Two referendums for elected regional assemblies have been postponed amid fears about all-postal voting.
Votes in the North West and Yorkshire and the Humber are being delayed. The referendum will proceed as planned in the North East on 4 November.
Ministers say there are no concerns on all-postal votes in the North East but they want to wait for a watchdog's report before deciding on the others.
The Tories say voters have been treated with "utter contempt" in the U-turn.
They say ministers have simply bowed to the complaints of Labour MPs opposed to the assembly plans.
The Electoral Commission is due to report at the end of August on the pilots of all-postal voting in this June's local and European elections.
Ministers had already said they would postpone the votes if the report brought convincing evidence it was not safe to hold the votes.
On Thursday Local Government Minister Nick Raynsford announced that the government was postponing two of the votes without waiting for the watchdog's report.
But he stressed: "Our commitment to referendums in these regions remains unchanged."
Concerns had been raised in Commons debates this week about all-postal votes, he said, and these would be delayed "except where there is a clear expectation and overwhelming support for a referendum".
The North East, seen as the region most likely to vote in favour of the assembly plans, had "consistently welcomed" all-postal ballots, he argued.
Mr Raynsford said he was helping voters in the region by publishing the draft plans for the assemblies' responsibilities and powers.
Ministers would announce in September their reaction to the watchdog's reports and the next steps for votes in the North West and Yorkshire and the Humber.
But Conservative shadow minister Bernard Jenkin said the votes were really being cancelled and Deputy Prime Minister John Prescott had lost his battles for his dream of regional assemblies.
"If an all-postal vote is unsafe in Yorkshire, how can it be safe in Northumberland," asked Mr Jenkin, whose party has opposed the assembly plans.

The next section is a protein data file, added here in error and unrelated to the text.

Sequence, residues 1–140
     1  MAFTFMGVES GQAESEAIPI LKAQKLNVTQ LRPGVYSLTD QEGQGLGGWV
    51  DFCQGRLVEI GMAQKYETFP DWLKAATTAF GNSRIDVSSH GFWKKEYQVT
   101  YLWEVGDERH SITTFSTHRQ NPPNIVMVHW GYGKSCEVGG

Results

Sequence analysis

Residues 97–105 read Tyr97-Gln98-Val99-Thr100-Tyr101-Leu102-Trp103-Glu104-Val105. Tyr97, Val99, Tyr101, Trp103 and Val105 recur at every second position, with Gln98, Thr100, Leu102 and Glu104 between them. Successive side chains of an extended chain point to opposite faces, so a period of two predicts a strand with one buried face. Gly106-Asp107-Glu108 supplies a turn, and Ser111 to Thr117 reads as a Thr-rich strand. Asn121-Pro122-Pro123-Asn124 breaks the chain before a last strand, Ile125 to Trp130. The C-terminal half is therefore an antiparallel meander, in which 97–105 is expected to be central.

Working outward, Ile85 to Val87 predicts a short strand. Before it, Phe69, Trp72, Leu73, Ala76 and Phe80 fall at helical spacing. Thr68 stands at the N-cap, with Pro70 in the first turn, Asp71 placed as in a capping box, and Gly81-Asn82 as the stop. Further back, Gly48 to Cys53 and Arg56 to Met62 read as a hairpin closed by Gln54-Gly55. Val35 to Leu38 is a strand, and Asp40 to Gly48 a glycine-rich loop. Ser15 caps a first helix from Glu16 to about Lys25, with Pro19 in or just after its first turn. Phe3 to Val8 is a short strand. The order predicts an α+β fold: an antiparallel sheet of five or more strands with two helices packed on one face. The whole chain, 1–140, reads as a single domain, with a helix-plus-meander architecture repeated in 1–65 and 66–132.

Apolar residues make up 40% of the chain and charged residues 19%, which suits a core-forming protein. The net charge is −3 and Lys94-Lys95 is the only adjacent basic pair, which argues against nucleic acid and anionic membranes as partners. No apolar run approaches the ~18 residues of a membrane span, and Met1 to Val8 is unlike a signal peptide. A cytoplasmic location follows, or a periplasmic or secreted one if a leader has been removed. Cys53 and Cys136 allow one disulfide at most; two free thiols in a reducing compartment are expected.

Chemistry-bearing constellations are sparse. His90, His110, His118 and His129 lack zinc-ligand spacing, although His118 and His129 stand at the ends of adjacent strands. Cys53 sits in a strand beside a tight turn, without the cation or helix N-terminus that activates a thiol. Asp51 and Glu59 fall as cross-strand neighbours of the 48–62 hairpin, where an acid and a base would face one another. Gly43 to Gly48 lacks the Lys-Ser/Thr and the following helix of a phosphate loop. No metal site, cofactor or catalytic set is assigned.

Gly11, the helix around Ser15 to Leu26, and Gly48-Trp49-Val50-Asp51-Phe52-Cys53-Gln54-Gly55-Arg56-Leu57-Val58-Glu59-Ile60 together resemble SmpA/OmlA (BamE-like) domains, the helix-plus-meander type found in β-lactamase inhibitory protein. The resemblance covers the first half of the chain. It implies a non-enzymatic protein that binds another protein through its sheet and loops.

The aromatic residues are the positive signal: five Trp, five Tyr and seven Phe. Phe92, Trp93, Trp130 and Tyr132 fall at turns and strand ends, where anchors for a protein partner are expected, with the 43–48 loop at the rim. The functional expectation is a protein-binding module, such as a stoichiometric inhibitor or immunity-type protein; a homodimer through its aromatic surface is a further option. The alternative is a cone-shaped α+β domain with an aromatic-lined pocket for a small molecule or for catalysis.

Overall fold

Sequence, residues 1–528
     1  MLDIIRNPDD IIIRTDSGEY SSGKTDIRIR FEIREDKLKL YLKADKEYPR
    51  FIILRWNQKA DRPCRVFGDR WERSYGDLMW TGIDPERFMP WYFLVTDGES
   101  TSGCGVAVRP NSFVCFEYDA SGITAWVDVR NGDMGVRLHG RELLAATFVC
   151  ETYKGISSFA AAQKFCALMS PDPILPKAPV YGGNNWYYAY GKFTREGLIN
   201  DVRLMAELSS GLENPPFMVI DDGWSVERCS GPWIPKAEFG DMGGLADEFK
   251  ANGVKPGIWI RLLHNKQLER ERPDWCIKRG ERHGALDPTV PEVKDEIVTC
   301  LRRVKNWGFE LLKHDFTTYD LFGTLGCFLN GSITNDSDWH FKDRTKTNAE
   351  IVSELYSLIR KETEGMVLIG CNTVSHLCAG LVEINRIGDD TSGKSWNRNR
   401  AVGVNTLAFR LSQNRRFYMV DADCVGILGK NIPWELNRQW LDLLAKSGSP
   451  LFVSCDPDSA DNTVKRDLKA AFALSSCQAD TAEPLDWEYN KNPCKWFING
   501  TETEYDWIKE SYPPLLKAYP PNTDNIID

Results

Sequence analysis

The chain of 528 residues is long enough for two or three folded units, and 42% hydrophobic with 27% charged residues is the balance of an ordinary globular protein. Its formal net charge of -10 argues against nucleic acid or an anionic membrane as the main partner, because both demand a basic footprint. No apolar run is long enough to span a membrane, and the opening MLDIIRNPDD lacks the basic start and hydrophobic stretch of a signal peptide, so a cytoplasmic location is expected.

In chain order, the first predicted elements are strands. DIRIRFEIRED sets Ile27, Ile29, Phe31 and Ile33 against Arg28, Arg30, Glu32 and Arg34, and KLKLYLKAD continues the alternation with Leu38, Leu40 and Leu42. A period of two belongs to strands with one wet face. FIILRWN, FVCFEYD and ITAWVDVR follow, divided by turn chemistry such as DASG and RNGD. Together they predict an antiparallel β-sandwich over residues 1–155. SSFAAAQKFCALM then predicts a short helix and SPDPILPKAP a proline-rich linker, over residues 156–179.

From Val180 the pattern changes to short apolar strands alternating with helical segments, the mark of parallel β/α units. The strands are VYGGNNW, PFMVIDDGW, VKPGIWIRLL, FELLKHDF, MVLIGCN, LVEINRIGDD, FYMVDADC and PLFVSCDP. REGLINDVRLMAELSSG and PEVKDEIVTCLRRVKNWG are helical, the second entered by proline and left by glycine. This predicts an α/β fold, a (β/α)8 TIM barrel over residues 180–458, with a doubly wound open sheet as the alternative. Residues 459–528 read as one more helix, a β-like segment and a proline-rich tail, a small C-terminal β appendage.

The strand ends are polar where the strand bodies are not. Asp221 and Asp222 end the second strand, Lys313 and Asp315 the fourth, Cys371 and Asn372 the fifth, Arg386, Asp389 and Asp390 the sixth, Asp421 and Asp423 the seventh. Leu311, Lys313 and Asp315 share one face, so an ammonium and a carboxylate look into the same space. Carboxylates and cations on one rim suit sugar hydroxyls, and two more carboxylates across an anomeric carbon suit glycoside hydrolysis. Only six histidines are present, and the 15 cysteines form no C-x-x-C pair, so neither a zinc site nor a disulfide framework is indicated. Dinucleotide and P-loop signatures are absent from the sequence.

He asked why traditional polling stations could not be used.
'Lead by example'
"The fact is a majority of Labour MPs were in covert or open rebellion in the North West and Yorkshire this week," he claimed.
He branded the announcement as "absolutely incredible, completely unbelievable and utterly cynical".
Liberal Democrat spokesman Edward Davey, who wants regional assemblies, said: "This is a sad day for democracy, and voters are the real losers."
The hard work already done by "yes" campaigners had been wasted, said Mr Davey.
And claiming the prime minister had tried to stall the assembly plans, he said Mr Prescott was now "not just embarrassed, but severely wounded".
His Lib Dem colleague Andrew Stunnell, MP for Hazel Grove, called on the government to make a clearer statement on the timetable for referendums in the North West and elsewhere.
But Conservative MP for Congleton, Ann Winterton, said the people of Cheshire and Macclesfield were rejoicing at the decision to postpone their referendum.
She urged the minister to "pull the rug from under the stupid proposal" and understand that the idea of regional government in the North West was over.
Labour's Joyce Quinn, MP for Gateshead East and Washington West, said she hoped the North East region would pioneer this new form of devolution.
Campaign for the English Regions chairman Phil Davis said it was a "historic moment" that one referendum would be held in November.
It was sensible to wait for the Electoral Commission's report on problems in the other regions, he said.
But the people of the North East now had "the chance to show the rest of England the difference they can make to the vital issues they face", added Mr Davis.